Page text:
GCSE Latin: Dative case


The dative case is used when something is being received, either literally or figuratively.

It is translated into English by using “to” or “for,” except with verbs which take a dative object.

At GCSE level, it is mostly used with verbs of speaking (especially dico) or the verb do (and its compounds, such as trado).

Literally receiving

e.g. pater filiae optima dona dedit.
The father gave excellent gifts to his daughter.
regi pro auxilio multam pecuniam duces tradiderunt.
The generals handed over a lot of money to the king in exchange for help.

Figuratively receiving

e.g. scelestus nauta consilium amicis ostendit.
The wicked sailor revealed the plan to his friends.
femina de iuvene marito nihil dixit.
The lady said nothing to her husband about the young man.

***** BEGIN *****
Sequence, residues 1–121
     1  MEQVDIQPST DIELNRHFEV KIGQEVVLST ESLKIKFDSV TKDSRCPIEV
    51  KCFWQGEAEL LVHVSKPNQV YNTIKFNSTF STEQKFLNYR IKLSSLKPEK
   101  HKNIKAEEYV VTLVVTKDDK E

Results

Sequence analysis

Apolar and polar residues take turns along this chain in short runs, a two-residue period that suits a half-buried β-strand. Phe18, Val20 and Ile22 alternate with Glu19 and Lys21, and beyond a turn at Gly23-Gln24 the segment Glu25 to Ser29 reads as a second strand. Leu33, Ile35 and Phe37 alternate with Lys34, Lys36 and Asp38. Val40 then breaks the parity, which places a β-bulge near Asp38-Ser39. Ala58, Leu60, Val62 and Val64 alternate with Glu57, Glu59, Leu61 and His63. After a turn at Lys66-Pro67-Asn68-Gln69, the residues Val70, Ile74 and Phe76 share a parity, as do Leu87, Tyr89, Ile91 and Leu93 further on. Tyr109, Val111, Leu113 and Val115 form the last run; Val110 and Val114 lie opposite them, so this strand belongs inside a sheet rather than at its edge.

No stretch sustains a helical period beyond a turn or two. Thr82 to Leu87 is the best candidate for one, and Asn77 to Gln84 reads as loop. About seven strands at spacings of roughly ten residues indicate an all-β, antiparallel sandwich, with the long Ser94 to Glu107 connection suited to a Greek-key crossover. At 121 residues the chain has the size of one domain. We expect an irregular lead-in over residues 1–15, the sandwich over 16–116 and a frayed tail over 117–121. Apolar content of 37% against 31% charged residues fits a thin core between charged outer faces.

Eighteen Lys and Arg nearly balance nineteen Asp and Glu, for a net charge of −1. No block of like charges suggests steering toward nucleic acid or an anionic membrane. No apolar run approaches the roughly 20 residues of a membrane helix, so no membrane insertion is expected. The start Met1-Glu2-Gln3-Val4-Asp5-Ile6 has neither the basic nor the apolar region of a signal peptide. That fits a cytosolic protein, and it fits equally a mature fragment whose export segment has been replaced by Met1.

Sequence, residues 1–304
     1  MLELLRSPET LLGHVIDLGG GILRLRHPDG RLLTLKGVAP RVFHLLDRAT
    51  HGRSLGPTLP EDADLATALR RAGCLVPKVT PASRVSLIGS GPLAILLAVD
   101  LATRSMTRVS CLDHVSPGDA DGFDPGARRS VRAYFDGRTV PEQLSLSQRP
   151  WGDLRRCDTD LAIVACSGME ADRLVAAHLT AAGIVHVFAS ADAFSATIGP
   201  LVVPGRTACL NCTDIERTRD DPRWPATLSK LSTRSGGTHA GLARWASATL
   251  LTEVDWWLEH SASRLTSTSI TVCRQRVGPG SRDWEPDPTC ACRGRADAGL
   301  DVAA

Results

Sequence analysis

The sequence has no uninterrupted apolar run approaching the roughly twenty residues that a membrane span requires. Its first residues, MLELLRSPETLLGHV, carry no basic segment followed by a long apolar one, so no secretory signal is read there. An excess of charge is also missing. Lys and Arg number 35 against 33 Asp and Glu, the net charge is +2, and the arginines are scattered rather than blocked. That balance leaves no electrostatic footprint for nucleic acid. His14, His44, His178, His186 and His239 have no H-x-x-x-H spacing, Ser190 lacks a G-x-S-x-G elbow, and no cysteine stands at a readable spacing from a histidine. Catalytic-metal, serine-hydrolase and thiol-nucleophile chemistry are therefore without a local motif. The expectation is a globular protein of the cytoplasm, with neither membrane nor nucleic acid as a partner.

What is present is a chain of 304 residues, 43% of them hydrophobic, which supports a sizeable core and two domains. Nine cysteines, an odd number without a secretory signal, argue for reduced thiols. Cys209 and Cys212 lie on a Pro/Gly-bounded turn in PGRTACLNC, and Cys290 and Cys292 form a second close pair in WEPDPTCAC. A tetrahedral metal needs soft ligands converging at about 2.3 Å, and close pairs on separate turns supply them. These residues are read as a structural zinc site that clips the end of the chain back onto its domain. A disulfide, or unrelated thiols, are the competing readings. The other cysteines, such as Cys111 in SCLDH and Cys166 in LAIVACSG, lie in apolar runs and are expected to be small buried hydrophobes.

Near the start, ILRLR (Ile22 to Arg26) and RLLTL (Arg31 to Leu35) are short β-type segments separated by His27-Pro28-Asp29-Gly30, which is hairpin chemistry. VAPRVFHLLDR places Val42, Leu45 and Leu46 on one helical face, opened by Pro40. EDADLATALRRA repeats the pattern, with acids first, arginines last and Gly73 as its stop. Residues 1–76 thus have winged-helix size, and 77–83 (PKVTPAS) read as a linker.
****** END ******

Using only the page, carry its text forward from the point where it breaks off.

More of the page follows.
1. The dative plural always ends in –bus or –is, and is identical to the ablative plural form.

  2. There is wide scope for confusing the dative with the other cases if the pattern (Declension) of the noun is not known.

  3. The dative case can be easily missed when it starts the sentence: puellae and regi, for instance, could be mistaken for nominative plurals.

  4. nomine, “called” or “by name” (technically an ablative of respect), is worth learning in isolation.


Identify the dative noun(s) in each sentence and what type of ablative is being used. Then translate.